University of Tokyo: A young kinesiologist in love with the front roundhouse kick

The Olympic and Paralympic Games will be held in Tokyo for the first time in more than half a century. The University of Tokyo, which is also located in the metropolis, has a long history of involvement with the Games. As you learn about UTokyo’s contributions to this global sporting event, the blue used in the Olympic and Paralympic emblem may very well start to take on the light blue hue of the University’s school color.

At a training gym for All Japan Taekwondo Association-certified athletes in November 2019. Photo: Takumi Inoue
During her studies at Osaka University, Research Associate Madoka Kinoshita was introduced to taekwondo, devoted herself to the art, earned Japan’s highest student taekwondo ranking, and went on to finish second in the All-Japan Championships, which also allows working adults to participate. Although she came close to gaining a position on the Japanese team that went to the London Olympics, she continued her graduate school education at University of Tsukuba, and focused her research there on the quantitative analysis of the speed of the front roundhouse kick — one of her favorite moves.

“I had been told my kick was slow but after properly measuring it, I discovered that it was actually fast. With fake moves and other ways of hiding kick attacks, I learned about the importance of giving opponents visual impressions of speed.”

Kinoshita currently works as a research associate in UTokyo’s Sports Science Laboratory, engaging in biomechanics research, and conducting classes in physical education. She is also active as the chair and a coach at the All-Japan Taekwondo Association (AJTA)’s Para Taekwondo Committee. Para Taekwondo will be an official Olympic sport for the first time at the upcoming Tokyo Games, and is for taekwondo athletes with deformities or disabilities in their upper limbs. Bouts consist of three 2-minute rounds, and the fighter that achieves the highest number of effective kicks to their opponent’s torso wins the round. When a fighter unleashes a kick timed to a vocalized “R” and strikes their opponent, the impact emits a heavy, deep sound, and has enough power to leave viewers concerned about the damage it might do should it land on an upper extremity with a disability, regardless of the protective equipment the fighters wear.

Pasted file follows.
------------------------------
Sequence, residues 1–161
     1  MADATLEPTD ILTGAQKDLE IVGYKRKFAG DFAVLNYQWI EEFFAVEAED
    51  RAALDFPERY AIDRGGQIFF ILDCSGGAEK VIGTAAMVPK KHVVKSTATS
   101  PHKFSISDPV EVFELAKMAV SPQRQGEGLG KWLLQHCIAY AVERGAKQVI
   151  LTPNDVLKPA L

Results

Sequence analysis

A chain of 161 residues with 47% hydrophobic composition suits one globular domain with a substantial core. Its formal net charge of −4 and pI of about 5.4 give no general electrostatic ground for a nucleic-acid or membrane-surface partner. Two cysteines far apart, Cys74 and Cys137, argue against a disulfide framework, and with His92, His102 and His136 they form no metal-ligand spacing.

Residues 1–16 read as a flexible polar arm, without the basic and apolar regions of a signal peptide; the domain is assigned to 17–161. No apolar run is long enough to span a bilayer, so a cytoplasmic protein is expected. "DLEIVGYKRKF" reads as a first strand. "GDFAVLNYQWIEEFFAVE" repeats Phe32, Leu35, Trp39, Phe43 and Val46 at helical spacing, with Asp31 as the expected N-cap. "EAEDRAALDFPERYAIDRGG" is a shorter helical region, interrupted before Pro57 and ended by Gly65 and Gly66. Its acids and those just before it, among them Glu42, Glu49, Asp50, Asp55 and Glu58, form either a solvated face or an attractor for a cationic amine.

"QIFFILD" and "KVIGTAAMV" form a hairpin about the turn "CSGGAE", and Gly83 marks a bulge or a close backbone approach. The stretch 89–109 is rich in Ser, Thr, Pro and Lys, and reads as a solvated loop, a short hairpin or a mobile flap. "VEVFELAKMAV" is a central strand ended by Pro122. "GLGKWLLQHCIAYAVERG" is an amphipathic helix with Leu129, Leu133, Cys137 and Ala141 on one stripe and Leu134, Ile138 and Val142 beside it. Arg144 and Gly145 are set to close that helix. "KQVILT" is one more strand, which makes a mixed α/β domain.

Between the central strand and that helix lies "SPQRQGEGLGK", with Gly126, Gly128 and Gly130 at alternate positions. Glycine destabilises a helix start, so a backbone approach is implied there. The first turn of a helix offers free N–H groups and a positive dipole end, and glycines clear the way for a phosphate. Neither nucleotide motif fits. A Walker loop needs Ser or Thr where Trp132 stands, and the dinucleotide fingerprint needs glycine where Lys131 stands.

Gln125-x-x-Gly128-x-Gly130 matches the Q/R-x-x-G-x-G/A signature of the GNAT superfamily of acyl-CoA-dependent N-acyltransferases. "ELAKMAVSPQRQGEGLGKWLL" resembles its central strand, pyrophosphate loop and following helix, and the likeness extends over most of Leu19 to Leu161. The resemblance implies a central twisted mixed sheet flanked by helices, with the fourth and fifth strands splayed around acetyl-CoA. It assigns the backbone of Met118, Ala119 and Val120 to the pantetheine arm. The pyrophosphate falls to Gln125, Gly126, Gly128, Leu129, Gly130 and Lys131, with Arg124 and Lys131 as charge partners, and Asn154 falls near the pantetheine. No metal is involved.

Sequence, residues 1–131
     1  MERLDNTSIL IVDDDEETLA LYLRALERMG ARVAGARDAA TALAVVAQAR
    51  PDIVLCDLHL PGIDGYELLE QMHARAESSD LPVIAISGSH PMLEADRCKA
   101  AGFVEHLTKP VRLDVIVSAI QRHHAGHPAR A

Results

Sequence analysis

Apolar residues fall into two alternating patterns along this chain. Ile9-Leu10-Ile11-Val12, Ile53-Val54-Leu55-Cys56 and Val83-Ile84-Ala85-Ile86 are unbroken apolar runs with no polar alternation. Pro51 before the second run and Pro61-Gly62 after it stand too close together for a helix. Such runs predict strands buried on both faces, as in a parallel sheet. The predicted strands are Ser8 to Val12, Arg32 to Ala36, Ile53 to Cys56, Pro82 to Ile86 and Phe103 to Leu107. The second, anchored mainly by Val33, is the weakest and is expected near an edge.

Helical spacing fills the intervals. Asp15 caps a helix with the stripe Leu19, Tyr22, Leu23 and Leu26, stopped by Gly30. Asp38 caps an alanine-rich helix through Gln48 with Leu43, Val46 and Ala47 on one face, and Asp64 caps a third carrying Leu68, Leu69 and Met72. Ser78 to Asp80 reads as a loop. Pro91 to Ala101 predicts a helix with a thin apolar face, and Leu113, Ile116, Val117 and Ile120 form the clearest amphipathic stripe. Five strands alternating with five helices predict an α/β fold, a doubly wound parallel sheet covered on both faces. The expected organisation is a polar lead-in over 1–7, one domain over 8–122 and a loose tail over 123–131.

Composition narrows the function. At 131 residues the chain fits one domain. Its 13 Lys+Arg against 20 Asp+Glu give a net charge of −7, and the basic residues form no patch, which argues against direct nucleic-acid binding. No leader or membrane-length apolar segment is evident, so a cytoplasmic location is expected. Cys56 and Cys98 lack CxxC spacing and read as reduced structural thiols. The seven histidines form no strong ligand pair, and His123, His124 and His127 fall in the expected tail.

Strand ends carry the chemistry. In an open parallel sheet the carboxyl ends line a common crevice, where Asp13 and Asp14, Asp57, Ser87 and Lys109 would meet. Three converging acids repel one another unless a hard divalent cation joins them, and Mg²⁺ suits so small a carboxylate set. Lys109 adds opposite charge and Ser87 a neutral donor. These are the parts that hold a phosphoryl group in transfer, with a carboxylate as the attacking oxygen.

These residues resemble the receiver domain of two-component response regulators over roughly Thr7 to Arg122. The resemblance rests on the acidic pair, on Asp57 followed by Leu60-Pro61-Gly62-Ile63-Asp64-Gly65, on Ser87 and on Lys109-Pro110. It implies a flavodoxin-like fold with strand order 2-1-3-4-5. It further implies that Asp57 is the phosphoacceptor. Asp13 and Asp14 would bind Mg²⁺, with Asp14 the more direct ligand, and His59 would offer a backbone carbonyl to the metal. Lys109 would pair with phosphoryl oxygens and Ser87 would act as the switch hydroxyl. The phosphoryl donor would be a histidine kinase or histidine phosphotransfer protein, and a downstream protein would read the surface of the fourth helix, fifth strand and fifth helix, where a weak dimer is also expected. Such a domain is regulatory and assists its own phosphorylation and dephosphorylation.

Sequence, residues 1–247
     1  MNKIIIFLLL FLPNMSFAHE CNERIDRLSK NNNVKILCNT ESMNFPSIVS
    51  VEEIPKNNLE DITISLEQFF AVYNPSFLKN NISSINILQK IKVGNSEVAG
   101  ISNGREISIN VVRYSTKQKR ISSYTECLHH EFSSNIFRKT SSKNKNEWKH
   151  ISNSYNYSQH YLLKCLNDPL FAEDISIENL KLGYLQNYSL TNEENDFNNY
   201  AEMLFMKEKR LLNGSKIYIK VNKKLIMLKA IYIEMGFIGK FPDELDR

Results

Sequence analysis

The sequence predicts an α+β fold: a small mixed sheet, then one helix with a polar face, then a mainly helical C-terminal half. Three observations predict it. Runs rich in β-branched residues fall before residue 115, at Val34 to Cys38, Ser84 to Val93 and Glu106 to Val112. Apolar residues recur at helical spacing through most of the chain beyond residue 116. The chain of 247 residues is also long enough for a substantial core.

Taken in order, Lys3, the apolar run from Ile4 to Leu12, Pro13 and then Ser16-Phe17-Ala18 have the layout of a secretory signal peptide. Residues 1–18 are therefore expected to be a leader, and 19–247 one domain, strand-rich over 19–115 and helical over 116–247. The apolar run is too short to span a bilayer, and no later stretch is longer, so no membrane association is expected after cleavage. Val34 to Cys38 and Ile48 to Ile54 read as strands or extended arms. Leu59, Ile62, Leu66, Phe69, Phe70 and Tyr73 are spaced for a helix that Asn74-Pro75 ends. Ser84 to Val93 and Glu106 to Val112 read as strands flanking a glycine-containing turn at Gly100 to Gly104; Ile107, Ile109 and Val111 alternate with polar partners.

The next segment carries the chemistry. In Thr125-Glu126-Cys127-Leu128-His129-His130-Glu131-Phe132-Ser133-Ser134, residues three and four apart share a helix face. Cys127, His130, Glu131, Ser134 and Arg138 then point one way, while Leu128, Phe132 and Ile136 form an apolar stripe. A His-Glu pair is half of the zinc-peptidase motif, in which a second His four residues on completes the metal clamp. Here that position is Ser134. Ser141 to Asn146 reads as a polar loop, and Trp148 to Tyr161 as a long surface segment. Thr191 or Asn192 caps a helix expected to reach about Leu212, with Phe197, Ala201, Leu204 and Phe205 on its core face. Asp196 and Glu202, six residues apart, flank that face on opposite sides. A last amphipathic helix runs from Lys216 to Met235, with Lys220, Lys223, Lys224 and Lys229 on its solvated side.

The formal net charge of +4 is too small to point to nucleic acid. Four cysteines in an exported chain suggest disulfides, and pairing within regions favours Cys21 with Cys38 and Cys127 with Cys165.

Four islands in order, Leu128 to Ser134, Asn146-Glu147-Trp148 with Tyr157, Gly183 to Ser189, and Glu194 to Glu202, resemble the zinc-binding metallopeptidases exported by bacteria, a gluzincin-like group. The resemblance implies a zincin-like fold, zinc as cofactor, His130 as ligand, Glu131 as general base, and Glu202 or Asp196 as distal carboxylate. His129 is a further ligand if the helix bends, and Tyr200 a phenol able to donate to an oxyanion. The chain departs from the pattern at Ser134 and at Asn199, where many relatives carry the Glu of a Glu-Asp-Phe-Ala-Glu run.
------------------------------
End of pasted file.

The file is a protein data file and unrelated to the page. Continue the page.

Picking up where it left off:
“Although I had been involved in taekwondo, I knew absolutely nothing about para taekwondo, and was left in awe of when I saw it in person for the first time at the Asian Para Taekwondo Championships in 2016. As a researcher engaged in biomechanics, I could almost feel the pain from the intense kicks that fighters without arms were delivering just as well as fighters without any disabilities. Although I’ve had my own regrets as a fighter, I was determined to devote myself in spreading the appeal of this sport.”

That said, as only a handful of taekwondo association staff are responsible for para taekwondo-related matters, Kinoshita practically has to do everything by herself, from gathering information from the World Taekwondo (WT) and participating organizations in other countries to translating sporting rules and regulations, searching for sponsors, finding new fighters with talent, developing spaces for taekwondo practice, and arranging medical support. Of course, serving as sparring partners for AJTA-certified fighters and developing strategies to win are also among the important duties of the association members.

“Electronic protective gear was adopted starting with the London Olympics in 2012, and enlists sensors to automatically determine whether a kick is legitimate or not. This system has several quirks that allow points to be influenced by the type of kick or where it strikes. Japanese taekwondo athletes tend to be at a disadvantage relative to their foreign opponents in terms of physique or bodily strength. Hence, we would like to harness as a weapon any technique that makes this electronic gear an ally.”

At the Tokyo Games, male and female para taekwondo fighters alike will be grouped into six divisions by weight, with 12 individuals assigned to each weight division. As the host nation, Japan is to be awarded a quota that qualifies its team to compete in three divisions. At the February 2019 World Para Taekwondo Championships in Turkey, Shunsuke Kudo and Shoko Ota won the bronze medals in the men’s under 75-kg and women’s over 58-kg divisions, respectively. This has lifted expectations.


Shoko Ota (left) is the only AJTA-certified female para athlete, and she competed in three consecutive Winter Paralympics. She won the bronze in the Torino biathlon and the silver in the Vancouver long-distance skiing competition.
“The outcome of the Tokyo Games will have a major impact on the future of this sport. I absolutely want them to win a medal in at least one of those three weight divisions and ensure our team a position at the 2024 Games in Paris,” exclaims Kinoshita, underlining her fervent hopes as the chair of the Para Taekwondo Committee. What then about her prospects as a researcher?

“For instance, para taekwondo fighters might be described as members of a new human sub-species that have evolved the ability to effectively compensate for disabilities in their upper extremities with their entire bodies and deliver powerful kicks. Humans have the potential to evolve in diverse ways other than just in their upper limbs. I would like to identify correlations between modifications of movement and variations in the physique of athletes with disabilities, and on that basis explore models of the human species in its final form.”


Kinoshita sparring with Kenta Awatari (right), a male fighter in the under 61-kg division. Sensors in their electronic socks gauge the pressure of contact with their opponent’s protective gear and register points on the scoreboard.

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